What’s wrong with selling sugar water?
“Do you want to sell sugar water for the rest of your life or come with me and change the world?” — Steve Jobs to John Sculley while trying to hire him from Pepsi.
This was Steve’s last attempt to make John accept the CEO position. Steve did manage to eventually convince John to leave Pepsi and well, Apple indeed has changed the world. Thus, it turned out great. Well, maybe not for Steve as he ended up getting fired by John but hey, that’s another story.
But wait, what is so gravely wrong with selling sugar water?
Does every single idea has to be radical? Is the only purpose of your job to impact billions of people? Is that the ultimate criteria for a fulfilling job and life?
We have been raised with the belief that one’s life doesn’t amount to much if one doesn’t have an impressive job title, work with a famous company, get featured on TechCrunch, give a TED talk or any other way our culture degrades our existence if we aren’t the next big thing.
It has propelled countless people to ditch the so-called ordinary and work on the ideas that work at a ginormous scale — Autonomous cars, electric cars, colonizing Mars, cloning humans, nanotechnology or injectable serums for politicians to stop using Twitter. Hah!
It narrows our entire life’s focus to a simple equation-
Building futuristic technology= Worthy life
God, aka Morgan Freeman, dressed in white, would hug you, give you a gold medal for a life well lived and say – “My child, I am so proud of you. You fucking rock!”
Building small apps and other minions stuff= Awww…Better luck in the next life.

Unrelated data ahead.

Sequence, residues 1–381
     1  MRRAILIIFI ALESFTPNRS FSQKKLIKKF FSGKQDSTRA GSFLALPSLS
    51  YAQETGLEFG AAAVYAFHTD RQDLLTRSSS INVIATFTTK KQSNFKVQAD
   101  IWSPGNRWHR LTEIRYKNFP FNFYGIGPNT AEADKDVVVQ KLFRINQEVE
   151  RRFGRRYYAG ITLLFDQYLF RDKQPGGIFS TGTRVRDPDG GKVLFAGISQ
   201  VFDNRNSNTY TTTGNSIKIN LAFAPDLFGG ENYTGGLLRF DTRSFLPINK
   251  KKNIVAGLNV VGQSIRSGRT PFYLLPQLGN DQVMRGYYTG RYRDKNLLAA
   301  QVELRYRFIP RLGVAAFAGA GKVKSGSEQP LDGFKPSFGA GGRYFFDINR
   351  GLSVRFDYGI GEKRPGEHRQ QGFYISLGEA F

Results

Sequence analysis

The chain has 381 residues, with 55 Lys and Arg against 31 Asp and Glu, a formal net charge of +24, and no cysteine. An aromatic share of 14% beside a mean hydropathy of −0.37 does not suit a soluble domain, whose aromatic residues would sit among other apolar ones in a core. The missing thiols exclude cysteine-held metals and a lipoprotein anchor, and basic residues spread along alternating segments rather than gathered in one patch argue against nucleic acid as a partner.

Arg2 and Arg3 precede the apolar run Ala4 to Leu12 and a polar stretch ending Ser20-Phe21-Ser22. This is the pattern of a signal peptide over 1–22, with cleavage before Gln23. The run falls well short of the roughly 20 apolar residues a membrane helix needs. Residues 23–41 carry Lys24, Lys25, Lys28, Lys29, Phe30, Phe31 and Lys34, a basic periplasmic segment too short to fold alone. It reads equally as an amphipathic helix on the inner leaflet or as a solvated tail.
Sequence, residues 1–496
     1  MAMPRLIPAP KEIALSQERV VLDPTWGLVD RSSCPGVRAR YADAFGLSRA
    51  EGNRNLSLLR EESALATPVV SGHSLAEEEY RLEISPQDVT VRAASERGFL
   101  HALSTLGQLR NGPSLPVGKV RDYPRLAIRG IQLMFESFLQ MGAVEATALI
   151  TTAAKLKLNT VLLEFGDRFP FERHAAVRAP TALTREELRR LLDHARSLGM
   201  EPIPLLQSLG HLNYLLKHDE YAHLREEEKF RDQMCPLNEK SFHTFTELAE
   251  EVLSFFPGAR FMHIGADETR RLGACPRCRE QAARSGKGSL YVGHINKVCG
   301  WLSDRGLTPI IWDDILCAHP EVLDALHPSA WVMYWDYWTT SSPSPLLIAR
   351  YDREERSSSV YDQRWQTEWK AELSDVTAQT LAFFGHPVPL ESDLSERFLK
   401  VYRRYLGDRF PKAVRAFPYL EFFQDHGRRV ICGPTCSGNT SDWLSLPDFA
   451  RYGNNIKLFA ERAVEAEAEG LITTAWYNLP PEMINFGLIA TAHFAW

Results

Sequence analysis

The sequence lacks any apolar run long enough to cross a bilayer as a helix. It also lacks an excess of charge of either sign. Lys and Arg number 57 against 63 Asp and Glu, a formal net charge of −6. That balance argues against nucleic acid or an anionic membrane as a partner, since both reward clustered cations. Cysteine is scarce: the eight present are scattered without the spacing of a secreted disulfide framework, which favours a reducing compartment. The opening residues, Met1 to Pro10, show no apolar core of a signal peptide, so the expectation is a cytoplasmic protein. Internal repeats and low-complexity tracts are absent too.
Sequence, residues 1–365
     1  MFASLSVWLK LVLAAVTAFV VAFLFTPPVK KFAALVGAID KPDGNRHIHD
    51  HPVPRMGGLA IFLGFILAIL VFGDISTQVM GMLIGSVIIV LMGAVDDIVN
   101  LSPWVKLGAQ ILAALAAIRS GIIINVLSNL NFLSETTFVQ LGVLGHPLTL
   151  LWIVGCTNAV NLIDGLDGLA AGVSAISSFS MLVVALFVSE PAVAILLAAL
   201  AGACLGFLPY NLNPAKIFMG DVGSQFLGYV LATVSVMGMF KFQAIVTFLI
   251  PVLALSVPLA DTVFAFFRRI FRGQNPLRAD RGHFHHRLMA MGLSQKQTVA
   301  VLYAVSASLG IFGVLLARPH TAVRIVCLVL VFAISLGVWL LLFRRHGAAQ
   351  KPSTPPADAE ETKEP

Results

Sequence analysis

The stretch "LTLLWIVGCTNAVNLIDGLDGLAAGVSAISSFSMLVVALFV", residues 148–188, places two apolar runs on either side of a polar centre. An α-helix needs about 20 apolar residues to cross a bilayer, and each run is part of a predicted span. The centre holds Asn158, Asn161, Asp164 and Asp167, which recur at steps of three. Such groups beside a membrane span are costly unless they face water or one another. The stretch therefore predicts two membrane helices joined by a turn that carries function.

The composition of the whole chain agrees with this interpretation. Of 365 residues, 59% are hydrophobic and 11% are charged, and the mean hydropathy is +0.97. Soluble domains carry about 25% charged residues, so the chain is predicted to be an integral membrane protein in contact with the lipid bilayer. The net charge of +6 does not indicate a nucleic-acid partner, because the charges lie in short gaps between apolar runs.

God would scoff at you in Al Pacino style from The Devil’s Advocate – “Dude, you are such an embarrassment. What were you thinking? Seriously, a UX Designer!”
I know it’s noble if your job impacts billions of people or changes the world for good. But I feel there isn’t anything wrong with selling sugar water — No matter if your sugar water is selling tacos, flipping burgers, writing fiction, writing code for B2B apps or cleaning the streets. As long your job doesn’t involve putting people’s lives at risk, like selling drugs.
I think what matters more is if you give your world to that job. Show that you fucking care. Take ownership. Give your complete focus and do it in such a manner that it hasn’t been done before.
No affront to Steve Jobs, but it’s not the sugar water that’s a problem- because whoever first invented that sugar water was a visionary. A risk taker. Someone who impacted billions. Ahem…in a diabetic way.
The problem is the perspective towards that job. The way you look at it and the value that you think you can create from it. Your job is worthy even if one person living in the North Pole lives a better life because of it.
Would you believe that Indira Nooyi, coincidentally the CEO of that same sugar water company, PepsiCo, worked as a receptionist in her college dorm? How terribly boring it would have been for her, especially during the graveyard shift. But instead of treating it as a menial stop-gap arrangement to make ends meet, she put her heart into this job and today, Nooyi attributes her legendary work ethic to this job.
So next time you feel obscured by the thought that your job isn’t worthy, remind yourself that the magic is in doing small efforts with all your heart.
Who knows your small and significant contributions might end up propelling someone indirectly to change the world.
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